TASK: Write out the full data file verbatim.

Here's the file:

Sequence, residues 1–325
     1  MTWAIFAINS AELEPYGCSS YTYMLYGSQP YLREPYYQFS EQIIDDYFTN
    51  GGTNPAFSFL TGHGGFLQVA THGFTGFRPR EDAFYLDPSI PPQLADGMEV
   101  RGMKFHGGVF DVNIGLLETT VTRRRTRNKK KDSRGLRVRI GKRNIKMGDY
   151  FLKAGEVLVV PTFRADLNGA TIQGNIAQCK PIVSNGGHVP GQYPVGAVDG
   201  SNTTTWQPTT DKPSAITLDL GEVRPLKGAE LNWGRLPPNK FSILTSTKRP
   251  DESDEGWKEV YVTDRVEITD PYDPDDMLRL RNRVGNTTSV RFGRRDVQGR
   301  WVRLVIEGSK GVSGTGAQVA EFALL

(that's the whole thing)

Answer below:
Sequence, residues 1–325
     1  MTWAIFAINS AELEPYGCSS YTYMLYGSQP YLREPYYQFS EQIIDDYFTN
    51  GGTNPAFSFL TGHGGFLQVA THGFTGFRPR EDAFYLDPSI PPQLADGMEV
   101  RGMKFHGGVF DVNIGLLETT VTRRRTRNKK KDSRGLRVRI GKRNIKMGDY
   151  FLKAGEVLVV PTFRADLNGA TIQGNIAQCK PIVSNGGHVP GQYPVGAVDG
   201  SNTTTWQPTT DKPSAITLDL GEVRPLKGAE LNWGRLPPNK FSILTSTKRP
   251  DESDEGWKEV YVTDRVEITD PYDPDDMLRL RNRVGNTTSV RFGRRDVQGR
   301  WVRLVIEGSK GVSGTGAQVA EFALL